As the time of our scheduled departure date (Memorial Day weekend, 1995) drew close, the trip, which had taken such strength and determination for me to plan, was in danger of being cancelled.  My dearest friend was dying of breast cancer and she suddenly began to decline very rapidly.  She knew of the dreams and begged me not to go. She feared for me; she was afraid something was going to happen to me because I had stated with such certainty that I would never again see that house.  We were driving and she feared we’d have an accident.  As the day drew closer I monitored her decline and privately kept in touch with her oncologist.  For a couple of weeks she stabilized, enough so that I was comfortable in leaving.  The trip was on.
I made a call two days prior to our departure to an old friend named Jeannie.  She had lived behind us on Devonshire on
Braeburn Street.  We had talked on and off over the years, perhaps a half a dozen times.  I called to let her know I was coming, if possible I wanted to see her.  Jeannie had lived on Braeburn for many, many years after we moved away from Devonshire. Like myself, she had a deep affinity for that neighborhood. It is not something we had discussed, it was something I sensed for she had never failed to bring up “the neighborhood”.
I had barely gotten out “hello” when Jeannie said:
“You know your house is gone, don’t you?”
I made her repeat it and acted like I didn’t know what she was talking about when in my heart no explanation was necessary.  I
tried not to cry, I tried to act nonchalant, but my voice must have betrayed me even as I tried to will myself to sound normal.  I
had not seen Jeannie in 32 years; I felt like a fool.  But her own attachment to that neighborhood was very strong as was certainly
evidenced by her blurting out “your house is gone!”  That neighborhood was very much on her mind as well.
She explained that several of the houses backing up to the freeway had been razed because they were
going to widen the freeway.  I was speechless.  This upset Jeannie.  She said, “Maybe it’s still there.
I’ll drive by and see and call you tonight.”  She explained that her childhood home was also to be razed;
as a matter of fact, it was the only one left to be razed and she expected it to be gone within the next
day or so. She said she had been “monitoring their progress” as she commuted down the freeway and
looking over the fence and that perhaps she’d been mistaken and the house at 1303 Devonshire was
still there.
But I knew it was gone.  And it was.
We made the trip anyway.  Seeing my beloved childhood home had been an important part of the trip, but it was by no means the
singular reason for the trip.  I repeatedly thanked God that I had been moved to call Jeannie for I was spared the shock of
discovering that part of Devonshire Road beginning with my former home at 1303 had been amputated.
I navigated the streets of Anaheim as if I’d never left.  My husband and youngest daughter accompanied me the first morning I
visited Devonshire Road.  (My older daughter and her fiancé joined us a week later.)  We drove down the street slowly and I
directed my husband to pull into the driveway of the house that no longer existed.  The fences my father had built some 35-38
years earlier were still standing.  The sidewalk was intact and three towering shrubs my father had planted, veritable seedlings in
photographs I had brought along, were still on the property.  For a long while I could not get out of our van.  I sat and cried my
eyes out.  When I finally did get out and stepped onto the loose dirt, it occurred to me that the house had likely been razed VERY
recently and I cried even harder.  Had it been a month?  A week?  A matter of days?
The lot was tiny!  I was shocked at how small it was! It had seemed to me a veritable estate when I was a child.  I dug around
in the dirt and to my delight unearthed kitchen and bathroom tile from my childhood home.  A brick from my father’s flower
beds.  Window glass.  I was ecstatic.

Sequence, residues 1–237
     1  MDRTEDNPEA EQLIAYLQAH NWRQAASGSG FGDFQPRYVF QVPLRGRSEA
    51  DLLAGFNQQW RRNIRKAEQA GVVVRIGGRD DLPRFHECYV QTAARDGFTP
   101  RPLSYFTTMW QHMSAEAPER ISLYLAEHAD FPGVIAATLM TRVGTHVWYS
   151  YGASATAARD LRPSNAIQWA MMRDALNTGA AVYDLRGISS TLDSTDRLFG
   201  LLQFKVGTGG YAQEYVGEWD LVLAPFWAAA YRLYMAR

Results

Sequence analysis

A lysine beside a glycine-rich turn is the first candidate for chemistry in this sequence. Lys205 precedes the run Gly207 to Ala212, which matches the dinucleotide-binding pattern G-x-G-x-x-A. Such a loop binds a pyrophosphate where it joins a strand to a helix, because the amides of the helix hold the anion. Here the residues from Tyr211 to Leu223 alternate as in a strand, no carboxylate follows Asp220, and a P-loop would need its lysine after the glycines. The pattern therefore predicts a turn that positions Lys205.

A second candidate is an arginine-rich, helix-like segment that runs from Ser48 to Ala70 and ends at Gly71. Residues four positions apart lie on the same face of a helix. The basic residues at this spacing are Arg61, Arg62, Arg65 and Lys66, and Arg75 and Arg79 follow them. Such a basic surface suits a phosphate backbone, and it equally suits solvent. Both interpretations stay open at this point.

I was amazed at how little the neighborhood had changed.  The trees were taller.  Much taller.  Other than that, it was almost as
if time had stood still.
Jeannie’s house was still standing, but had been readied for it’s demolition.
Driving around Anaheim, I was amazed at how little has changed.  There are places in Little Rock which have undergone 2 or
even 3 renovations since I have lived here, yet driving around Anaheim, I was pleasantly surprised to find so much that I
recognized.  The “Googie” architecture you refer to on your website absolutely thrilled my soul!  I saw so MANY familiar sites
and never knew there was a name for that particular style, I just know that it helped me to feel I had truly “come home”.  I
expected to find nothing recognizable and yet everywhere I went, I was easily transported back to the 60’s.
Pearson Park has been beautifully maintained though I certainly was sad to find the pool and pool house gone.  The adjacent
neighborhood where I once babysat for my home economics teacher, Mrs. Platfoot, was a sight to behold.  I must have taken a
thousand photos.  I found Adelaide Price school with ease, where I attended Kindergarten; also Mel Gauer, James Guinn, South
Jr. High and Katella High School.  Nothing much had changed except that I noted the addition of chain link fences.
A good friend of mine who works in Anaheim and lives in Orange told me there was a “graffiti problem” in Anaheim and that
she was on the “graffiti committee”.  And yet I found a beautiful city – I never saw any graffiti at all!
I am sorry for writing such a long email that no one will be interested in reading, I’m certain! I would like to know how I can
obtain genealogy materials and historic materials from Anaheim in the 50’s and 60’s and/or any materials related to Pearson
Park.  Also, are there any photographs anywhere of those Halloween parades the kindergartners used to march in?  I recall
that those parades were on a street adjacent to Pearson Park.  I very much want to obtain photographs of Anaheim in the
1960’s; I would give anything to have a photograph of Devonshire Road during that era or the above mentioned schools.  I’d
also be thrilled to find a 60’s photo of the shopping center on Orangethorpe (probably in Fullerton) where the “Shopping Bag”
and Owl Drug Store used to be in the 50’s and 60’s.  Can you assist me in finding a source (if you know of one) for photos of
Anaheim during the 1950’s and 1960’s?  Is there a researcher who could help me?  Are there any books on Anaheim history
which focus on the 50’s-60’s?
I am not exactly sure where it is that I am emailing this, but would appreciate it so much if you would forward it to the
appropriate individuals at the Anaheim History Room or the Anaheim Museum.
Carma Walsh